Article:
This week, the lab at Trouw Nutrition GB has seen an increase in the number of milk yield from grazing (MYFG) samples. It is still important to highlight that while differences year on year may seem significant it still remains difficult to draw conclusions from a limited data set.
Grass growth across the UK has continued to increase, averaging 27kg DM/ha/day, up 5kg DM/ha/day since last week. Region variation is large, with the North East seeing the highest grass growth rates of 38kg DM/ha/day, and Yorkshire has seen a 4kg DM/ha/day decrease in grass growth compared to last week’s figures. While remaining regions have seen a consistent increase.
A large range in potential MYFG can be seen this week, ranging from M+1.1litres/day in the Wales and West up to M+13.1 litres/day in Scotland. Unfortunately, no samples were received from the North East and Yorkshire, so values are unavailable for these regions. Across the samples submitted, compared to last week, the average MYFG has risen significantly; averaging M+8.45 litres/day. This is due to an increase in potential DM intake and grazing quality. When using these average figures on-farm, care must be taken due to the wide variation between areas and samples submitted. We would like to continue sampling, so please get in touch if you require sample bags and in need of the service which will ultimately improve our accuracy over the 2020 grazing season.
Compared to last week, there has been an increase in rapidly fermentable carbohydrate (RFC) content, fibre index and acid load, which increases the risk of butterfat depression. Measures to control butterfat depression can include reducing the fermentability of the diet and strategies to avoid low pH to provide effective buffering capacities such as the inclusion of a rumen buffer.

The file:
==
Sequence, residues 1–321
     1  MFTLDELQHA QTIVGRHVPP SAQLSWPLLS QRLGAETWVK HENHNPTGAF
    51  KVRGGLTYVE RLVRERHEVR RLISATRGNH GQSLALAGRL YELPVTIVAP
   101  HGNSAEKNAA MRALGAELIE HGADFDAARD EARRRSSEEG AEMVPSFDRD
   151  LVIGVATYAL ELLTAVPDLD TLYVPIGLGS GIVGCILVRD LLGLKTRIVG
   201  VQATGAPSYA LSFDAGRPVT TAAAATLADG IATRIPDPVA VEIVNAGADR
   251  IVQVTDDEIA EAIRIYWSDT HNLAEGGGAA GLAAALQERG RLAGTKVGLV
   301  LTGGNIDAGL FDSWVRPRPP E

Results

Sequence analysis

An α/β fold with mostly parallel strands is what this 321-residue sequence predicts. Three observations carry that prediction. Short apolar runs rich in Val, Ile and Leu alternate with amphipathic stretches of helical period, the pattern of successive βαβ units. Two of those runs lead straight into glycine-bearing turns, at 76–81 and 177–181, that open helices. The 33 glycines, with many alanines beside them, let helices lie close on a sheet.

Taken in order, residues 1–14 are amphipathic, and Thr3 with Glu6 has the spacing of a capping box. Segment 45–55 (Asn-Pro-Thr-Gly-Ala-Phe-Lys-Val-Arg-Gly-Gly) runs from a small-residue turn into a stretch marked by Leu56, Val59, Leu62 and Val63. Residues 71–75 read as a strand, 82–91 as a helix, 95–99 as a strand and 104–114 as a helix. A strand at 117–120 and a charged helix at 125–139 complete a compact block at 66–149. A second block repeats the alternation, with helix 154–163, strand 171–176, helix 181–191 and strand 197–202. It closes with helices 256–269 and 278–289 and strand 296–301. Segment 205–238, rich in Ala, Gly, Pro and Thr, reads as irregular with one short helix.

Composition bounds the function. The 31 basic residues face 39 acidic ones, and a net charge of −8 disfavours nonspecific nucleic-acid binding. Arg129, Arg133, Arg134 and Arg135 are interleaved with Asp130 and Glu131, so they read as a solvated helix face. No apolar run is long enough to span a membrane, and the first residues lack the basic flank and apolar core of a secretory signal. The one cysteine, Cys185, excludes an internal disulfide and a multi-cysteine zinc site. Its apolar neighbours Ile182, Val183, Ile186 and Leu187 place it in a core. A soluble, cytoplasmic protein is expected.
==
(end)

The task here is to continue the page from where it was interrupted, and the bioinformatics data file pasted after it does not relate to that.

There has been a milk risk of heat stress over the last week which has been indicated from the temperature-humidity index. It is important that appropriate management is implemented to help mitigate the risk of heat stress and any negative effects on animal health and performance, such as 24/7 access to clean, freshwater; especially as warmer spring weather expected to continue in the upcoming week.
Latest Pre-Cut NDF Tracker
Average NDF development in pre-cut samples is being tracked, see graph below. It is important to consider that this is a national average, to monitor the situation on individual farms through pre-cut grass testing.
The average NDF content of pre-cut samples for the latest period has dropped to 30.9%, in comparison to the average of 31.47% for samples submitted during the same period last week. This latest NDF content data suggests that first cuts are at least a few weeks away and will be behind those last year.
Source: Trouw Nutrition GB